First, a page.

What is the macroeconomic implication of an SKS Microfinance going public? Simply, that after the initial public offering, or IPO, of a microfinance institution (MFI), microfinance becomes an asset class. Whether it will stay as a separate asset class or become part of a much larger sector of emerging financial services depends on the policy framework within which it will be made to operate. It is this that should determine the need, nature and network of regulation for this sector.
Instead, the need for regulations is being triggered by the tamasha at SKS that has suddenly made the government realize that the strategy of MFIs has shifted— from poverty eradication to profiting from the poor. Hence, the hurried move for regulation.
And if the reasons to regulate are misplaced, the proposal that Nabard, or the National Bank for Agriculture and Rural Development, be the regulator is even more flawed. It is a participant in the microfinance sector, leading the self-help group (SHG)-bank linkage mode of delivery in this sector with Nabard financing and refinancing a whole host of SHGs in the same space as MFIs.
How can a participant be a regulator? It is like BSNL, or Bharat Sanchar Nigam Ltd, becoming the regulator for the telecom sector. Combining the role of service provider and regulator is very regressive governance, because it could lead to serious conflict of interest. That apart, Nabard’s performance as a supervisor, for regional rural banks and state finance corporations, is obvious from the state these lending institutions are in.
These policy moves don’t consider the fundamentals of this business. Before deciding who will regulate, it must be decided what is to be regulated. Is it MFIs or is it microfinance lending that needs to be regulated? The two are vastly different. At the moment, even though there is no specific microfinance regulation, the non-banking financial company regime does apply to MFIs.
If there has to be a specific regulatory framework for the MFI sector, the nature and design of regulations will depend on how microfinance lending is seen by policymakers. If the aim is to get MFIs to scale up overtime into full-fledged banks, regulation will have to be transitional. Once the evolution is complete, MFIs will fall within the regulatory ambit of the Reserve Bank of India for banking services—an ambit that is comprehensive and robust.
On the other hand, if the idea is that an MFI has to remain a separate asset class, then the quality and quantity of regulation has to be different. In such a situation, what MFIs require are not prudential regulations. Those are needed only if MFIs accept retail consumer deposits or are large enough to pose a threat to the financial stability of other institutions.
Instead, the emphasis then has to be on non-prudential regulations which focus on transparency and disclosure and may be largely self-executing. Non-prudential measures include disclosing effective interest rates and screening out unsuitable owners and managers.
It will be not just myopic, but also detrimental if the regulatory edifice is built around the issue of high interest rates, as it seems to be at the moment. The interest rate is only one relevant component of a credit contract—others include the repayment schedule, the provision of collateral, the choice between cash and kind, the specification of simple or compound interest, and so on. Besides, there is conclusive cross-country evidence that low interest rate ceilings lead to the rationing of credit—to the benefit of those better off and more powerful.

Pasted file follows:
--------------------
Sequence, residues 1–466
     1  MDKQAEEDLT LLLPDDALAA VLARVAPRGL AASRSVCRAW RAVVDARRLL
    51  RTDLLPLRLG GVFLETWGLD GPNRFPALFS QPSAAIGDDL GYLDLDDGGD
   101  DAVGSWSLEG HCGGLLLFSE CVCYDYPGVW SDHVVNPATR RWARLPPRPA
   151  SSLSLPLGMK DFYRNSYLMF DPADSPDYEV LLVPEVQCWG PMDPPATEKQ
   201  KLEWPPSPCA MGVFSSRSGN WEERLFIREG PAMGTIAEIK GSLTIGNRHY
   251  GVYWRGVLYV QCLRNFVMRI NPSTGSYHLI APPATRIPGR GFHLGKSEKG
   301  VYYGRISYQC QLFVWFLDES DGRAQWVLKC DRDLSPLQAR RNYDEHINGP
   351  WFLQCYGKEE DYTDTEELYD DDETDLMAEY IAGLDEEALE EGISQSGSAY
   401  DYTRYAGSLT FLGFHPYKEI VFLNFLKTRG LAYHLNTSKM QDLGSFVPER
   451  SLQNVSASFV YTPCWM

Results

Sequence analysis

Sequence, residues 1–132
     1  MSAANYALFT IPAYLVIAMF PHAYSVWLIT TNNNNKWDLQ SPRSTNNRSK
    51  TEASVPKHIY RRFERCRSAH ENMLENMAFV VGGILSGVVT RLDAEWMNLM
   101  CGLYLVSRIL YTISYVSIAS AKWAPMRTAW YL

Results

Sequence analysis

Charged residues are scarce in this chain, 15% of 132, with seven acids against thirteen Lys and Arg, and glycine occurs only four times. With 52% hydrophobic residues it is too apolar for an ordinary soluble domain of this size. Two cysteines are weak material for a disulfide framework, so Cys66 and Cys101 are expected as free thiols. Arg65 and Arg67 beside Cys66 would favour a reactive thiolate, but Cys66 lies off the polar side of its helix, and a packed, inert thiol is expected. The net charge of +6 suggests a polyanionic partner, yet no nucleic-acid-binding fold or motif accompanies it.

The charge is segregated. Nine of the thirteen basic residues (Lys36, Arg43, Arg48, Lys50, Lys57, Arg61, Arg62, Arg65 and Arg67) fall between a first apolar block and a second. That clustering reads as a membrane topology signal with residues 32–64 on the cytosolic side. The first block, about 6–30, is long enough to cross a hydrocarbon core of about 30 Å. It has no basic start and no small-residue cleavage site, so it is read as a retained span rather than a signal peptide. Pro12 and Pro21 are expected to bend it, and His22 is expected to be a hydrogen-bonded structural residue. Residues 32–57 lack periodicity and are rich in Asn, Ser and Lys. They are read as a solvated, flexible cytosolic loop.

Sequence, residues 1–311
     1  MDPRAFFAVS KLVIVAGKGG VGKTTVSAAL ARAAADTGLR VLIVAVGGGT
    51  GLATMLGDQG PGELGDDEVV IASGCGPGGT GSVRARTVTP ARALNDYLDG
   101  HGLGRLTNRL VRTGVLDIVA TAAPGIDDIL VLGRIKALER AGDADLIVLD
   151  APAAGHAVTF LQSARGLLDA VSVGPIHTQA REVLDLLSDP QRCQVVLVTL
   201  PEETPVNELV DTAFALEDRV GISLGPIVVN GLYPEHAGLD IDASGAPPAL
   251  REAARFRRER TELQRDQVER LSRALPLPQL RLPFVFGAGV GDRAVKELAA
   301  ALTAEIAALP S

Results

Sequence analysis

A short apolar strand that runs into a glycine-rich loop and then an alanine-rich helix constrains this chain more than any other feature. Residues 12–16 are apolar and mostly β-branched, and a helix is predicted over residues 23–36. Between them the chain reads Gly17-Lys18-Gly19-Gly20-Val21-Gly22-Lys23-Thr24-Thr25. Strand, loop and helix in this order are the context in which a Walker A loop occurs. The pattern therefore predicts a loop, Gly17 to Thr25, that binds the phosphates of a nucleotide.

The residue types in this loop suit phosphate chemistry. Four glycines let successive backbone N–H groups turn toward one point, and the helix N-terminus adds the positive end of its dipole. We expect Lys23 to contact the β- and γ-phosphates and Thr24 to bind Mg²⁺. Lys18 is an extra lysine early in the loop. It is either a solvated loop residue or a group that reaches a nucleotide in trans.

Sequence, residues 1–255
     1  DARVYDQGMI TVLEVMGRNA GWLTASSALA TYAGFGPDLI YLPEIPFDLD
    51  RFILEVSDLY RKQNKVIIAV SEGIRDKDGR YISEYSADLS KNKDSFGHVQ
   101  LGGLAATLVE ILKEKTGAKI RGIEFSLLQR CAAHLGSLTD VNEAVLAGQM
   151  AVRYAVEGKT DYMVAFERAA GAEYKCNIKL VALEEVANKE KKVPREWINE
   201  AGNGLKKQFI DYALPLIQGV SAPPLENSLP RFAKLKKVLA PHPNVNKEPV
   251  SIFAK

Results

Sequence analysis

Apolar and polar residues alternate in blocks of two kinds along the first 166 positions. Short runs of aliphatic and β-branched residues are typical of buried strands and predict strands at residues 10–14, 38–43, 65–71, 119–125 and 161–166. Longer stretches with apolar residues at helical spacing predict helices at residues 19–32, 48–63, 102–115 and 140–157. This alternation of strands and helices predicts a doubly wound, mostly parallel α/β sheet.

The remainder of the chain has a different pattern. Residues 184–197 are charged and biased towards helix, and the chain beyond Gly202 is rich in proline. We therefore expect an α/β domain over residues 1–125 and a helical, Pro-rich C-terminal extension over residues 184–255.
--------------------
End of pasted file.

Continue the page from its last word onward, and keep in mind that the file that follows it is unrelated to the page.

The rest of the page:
The basic question, then, is whether it is possible to support the growth of the financial sector so that institutions serving less endowed households and small enterprises can charge interest rates that are affordable and sustainable. If interest rates remain a concern, a better way to go about is liberalizing them.
We have to recognize that a complex set of measures is actually required to lower market-based interest rates. Interest rates are interconnected with many other measures. These include issues of competition (market entry and regulations), access to and cost of funds (financial market development), the costs of poor communications infrastructure and efficiency at the institutional level. This then calls for reform rather than regulation.
The ideal way to go bring about a structural change is to treat microfinance as a business offering—a vertical, in management parlance—at any financial institution and then to supervise microfinance as an emerging asset class. This means allowing the full range of financial institutions—scheduled banks, insurance companies—to offer microfinance services, thereby treating microfinance portfolios as an asset class (as regulators would, say, retail loans) in terms of vetting products, categorizing risk and laying down reserves and provisioning requirements.
All said and done, as Adam Smith wrote in The Wealth of Nations: “Money makes money. When you have got a little, it is often easy to get more. The great difficulty is to get that little.” MFIs are giving that little—and that should be helped not hindered.
Haseeb A. Drabu is former chairman and chief executive of Jammu and Kashmir Bank. He writes on monetary and macroeconomic matters from the perspective of policy and practice. Comment at firstname.lastname@example.org
To read Haseeb A. Drabu’s previous articles, go to www.livemint.com/methodandmanner